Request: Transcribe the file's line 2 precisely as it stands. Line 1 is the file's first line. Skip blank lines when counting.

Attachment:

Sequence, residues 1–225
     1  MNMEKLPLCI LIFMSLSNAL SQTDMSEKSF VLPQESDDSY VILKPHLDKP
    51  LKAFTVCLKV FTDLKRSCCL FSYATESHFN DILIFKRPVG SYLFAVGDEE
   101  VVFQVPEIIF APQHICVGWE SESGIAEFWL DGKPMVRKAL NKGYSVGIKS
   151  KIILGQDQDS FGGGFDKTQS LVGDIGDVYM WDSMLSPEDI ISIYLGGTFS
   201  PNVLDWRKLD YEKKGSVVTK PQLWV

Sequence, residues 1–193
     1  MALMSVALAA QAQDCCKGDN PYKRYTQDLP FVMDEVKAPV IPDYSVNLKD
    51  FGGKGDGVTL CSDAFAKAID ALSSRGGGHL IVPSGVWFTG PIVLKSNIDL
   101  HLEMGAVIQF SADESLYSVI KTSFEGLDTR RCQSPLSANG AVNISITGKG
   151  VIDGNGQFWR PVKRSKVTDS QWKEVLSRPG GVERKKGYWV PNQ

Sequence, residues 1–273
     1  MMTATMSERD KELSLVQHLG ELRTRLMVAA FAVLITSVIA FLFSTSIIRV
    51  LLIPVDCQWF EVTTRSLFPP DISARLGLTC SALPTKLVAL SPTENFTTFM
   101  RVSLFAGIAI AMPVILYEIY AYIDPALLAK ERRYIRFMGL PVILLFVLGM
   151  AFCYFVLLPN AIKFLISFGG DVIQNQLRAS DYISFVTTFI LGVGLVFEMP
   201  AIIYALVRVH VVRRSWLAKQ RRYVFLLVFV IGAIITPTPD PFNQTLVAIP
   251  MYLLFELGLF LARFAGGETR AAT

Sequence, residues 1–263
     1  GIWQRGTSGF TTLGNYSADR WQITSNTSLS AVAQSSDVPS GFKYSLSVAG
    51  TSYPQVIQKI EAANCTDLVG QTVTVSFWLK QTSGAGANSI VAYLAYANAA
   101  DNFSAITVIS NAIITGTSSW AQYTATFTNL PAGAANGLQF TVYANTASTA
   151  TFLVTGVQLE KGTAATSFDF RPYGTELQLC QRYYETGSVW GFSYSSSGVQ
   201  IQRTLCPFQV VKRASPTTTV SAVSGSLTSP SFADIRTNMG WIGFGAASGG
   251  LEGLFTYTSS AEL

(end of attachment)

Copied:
     1  MNMEKLPLCI LIFMSLSNAL SQTDMSEKSF VLPQESDDSY VILKPHLDKP